Friday, February 7, 2014

Can We Talk?

Sometimes anonymity is a good thing. Sometimes things happen and you really need to tell somebody. But it's hard to talk about. Like when you miraculously get pregnant after months of trying and suddenly things go wrong.

Other than being much harder to conceive, this pregnancy seemed just like all the others at 5 weeks. We had done this a few times. We were planning out fun ways to tell the other kids. Then one morning I had a distressing dream. I found a tiny preterm baby, my baby, drowning in my toilet. Immediately I pulled him out, cleared his airway, and held him. I dreamed it 3 times in a row and I pulled him out every time. But I felt like a horrible, neglectful, selfish parent as I lied in bed trying to wake up. I got up and went to the bathroom reliving the dream over and over. I kept seeing that tiny thing struggling, gasping, and coughing. I told myself not to worry, the baby was still safe inside me. But then I stood up and saw it. The toilet was full of bright red blood and tissue.

The bleeding went on for 3 weeks. The ultrasound said there was no heart beat. I've never had a miscarriage. How do you talk about it? When your friend at church is going on about her late period and negative pregnancy test, how do you tell her "I'm having a miscarriage right NOW and I'm in pain"? When you run into the Primary President and the Relief Society President and all they want to do is make small talk and send you on your way, how do you say "No, I have something to say. I really need you to listen"? They were the only women I came in contact with that day and I felt like reaching out and holding on to them.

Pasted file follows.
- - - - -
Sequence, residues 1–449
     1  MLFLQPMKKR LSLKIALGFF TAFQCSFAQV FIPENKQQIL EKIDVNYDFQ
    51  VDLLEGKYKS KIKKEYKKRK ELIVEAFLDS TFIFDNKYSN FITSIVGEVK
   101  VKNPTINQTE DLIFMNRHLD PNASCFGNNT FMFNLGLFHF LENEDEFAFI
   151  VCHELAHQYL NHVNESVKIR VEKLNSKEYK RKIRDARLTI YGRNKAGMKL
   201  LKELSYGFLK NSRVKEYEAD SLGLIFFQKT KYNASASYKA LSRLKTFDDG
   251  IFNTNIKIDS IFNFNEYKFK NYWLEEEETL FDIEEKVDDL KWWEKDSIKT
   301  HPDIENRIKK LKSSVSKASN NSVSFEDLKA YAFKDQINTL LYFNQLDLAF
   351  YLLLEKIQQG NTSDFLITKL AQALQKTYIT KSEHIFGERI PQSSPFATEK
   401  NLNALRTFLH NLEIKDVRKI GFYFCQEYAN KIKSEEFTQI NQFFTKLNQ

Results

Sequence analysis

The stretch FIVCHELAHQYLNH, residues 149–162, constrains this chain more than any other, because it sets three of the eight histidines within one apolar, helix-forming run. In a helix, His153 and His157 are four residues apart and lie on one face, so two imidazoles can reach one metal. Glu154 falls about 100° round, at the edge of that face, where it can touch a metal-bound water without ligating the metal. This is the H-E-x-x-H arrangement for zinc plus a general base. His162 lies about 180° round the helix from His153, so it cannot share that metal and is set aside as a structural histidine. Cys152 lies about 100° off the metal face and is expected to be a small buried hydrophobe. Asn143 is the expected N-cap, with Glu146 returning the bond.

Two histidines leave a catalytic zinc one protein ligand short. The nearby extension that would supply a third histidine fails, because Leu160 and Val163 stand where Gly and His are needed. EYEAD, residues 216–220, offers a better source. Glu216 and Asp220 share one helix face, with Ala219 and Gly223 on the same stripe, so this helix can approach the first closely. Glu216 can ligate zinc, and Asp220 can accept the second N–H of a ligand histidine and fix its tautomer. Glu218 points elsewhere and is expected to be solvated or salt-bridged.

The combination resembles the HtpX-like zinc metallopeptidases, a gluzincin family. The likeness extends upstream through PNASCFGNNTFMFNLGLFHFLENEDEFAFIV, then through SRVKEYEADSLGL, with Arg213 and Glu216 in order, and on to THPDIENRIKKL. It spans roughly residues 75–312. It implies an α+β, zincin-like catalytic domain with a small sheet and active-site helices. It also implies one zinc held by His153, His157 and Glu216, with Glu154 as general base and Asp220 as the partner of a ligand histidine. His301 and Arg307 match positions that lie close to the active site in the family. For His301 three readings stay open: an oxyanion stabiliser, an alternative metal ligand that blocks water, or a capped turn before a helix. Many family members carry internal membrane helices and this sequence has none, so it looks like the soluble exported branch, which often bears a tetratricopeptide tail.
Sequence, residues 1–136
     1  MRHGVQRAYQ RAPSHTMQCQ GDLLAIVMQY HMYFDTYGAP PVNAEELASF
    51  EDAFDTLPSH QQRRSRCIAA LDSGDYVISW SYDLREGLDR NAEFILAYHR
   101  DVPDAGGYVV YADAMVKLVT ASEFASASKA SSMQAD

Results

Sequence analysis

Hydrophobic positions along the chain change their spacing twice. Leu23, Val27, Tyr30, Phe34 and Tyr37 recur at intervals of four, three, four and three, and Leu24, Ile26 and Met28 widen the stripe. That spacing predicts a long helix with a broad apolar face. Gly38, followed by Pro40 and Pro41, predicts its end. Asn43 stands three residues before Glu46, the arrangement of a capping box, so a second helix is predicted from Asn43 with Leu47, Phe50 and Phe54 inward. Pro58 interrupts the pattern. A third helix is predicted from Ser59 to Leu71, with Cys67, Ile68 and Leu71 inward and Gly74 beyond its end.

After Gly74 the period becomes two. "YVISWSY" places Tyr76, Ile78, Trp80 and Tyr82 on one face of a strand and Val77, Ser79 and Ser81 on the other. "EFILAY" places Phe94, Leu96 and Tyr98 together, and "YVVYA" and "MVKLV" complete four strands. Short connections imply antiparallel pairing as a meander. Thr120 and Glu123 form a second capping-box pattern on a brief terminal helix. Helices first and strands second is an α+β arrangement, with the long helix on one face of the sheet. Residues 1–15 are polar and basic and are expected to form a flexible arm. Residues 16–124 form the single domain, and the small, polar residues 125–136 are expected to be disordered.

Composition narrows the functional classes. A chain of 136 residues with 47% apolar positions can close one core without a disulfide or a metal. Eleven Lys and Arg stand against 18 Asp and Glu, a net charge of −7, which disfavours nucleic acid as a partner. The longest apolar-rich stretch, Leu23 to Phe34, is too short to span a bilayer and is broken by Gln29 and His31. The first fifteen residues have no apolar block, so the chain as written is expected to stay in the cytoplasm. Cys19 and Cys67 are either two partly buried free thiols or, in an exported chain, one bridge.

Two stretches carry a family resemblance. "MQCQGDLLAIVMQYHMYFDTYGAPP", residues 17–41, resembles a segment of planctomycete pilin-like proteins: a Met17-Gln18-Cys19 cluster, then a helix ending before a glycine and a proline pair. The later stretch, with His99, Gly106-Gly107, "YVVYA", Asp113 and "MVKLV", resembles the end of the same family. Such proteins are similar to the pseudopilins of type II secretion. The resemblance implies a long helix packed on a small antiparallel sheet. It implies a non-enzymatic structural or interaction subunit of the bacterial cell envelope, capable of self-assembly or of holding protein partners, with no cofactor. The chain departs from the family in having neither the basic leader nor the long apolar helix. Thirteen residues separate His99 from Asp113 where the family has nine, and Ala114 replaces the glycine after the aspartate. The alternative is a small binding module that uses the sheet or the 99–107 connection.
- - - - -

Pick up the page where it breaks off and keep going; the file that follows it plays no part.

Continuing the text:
Doctors always say it not your fault, it must have been a genetic error incompatible with life. But I still can't help wondering, what could I have done differently? I could have made my appointment earlier. I could have listened when the nurse put me on "pelvic rest" as a precaution. But we cheated a little. Did I kill my baby? I will never know the answer.

Either way I need to be careful how I judge others. I know women who chose to kill their babies, either by claiming they knew better than doctors, or having an abortion, or whatever. Maybe we're not so different. Maybe I can have a little more compassion.

It's been a long process but I'm finally feeling this today. It sort of feels like when you break up with a boyfriend and lay in bed all day watching TLC. I saw a commercial for chili cheese pretzel dogs at Sonic. If I muster up some motivation I might go get one. It's okay though. I'm giving myself a day off from chores and errands and diets. It's really okay.

Monday, July 22, 2013

New Ideas in Medicine

So, I'm an idea person. Third generation. This is my idea blog. Albeit neglected. The ideas are in my head. But quietly sitting down long enough to write them down...that's my challenge.

One of my jobs is in Maternal Fetal Medicine research. The other day as I was working on a new study about preterm babies, and I had the coolest idea! [insert lightbulb here].

Backgroud: The biggest problem with preterm babies are their undeveloped lungs. We give steroids to promote lung development, so the preemies can hopefully oxygenate themselves.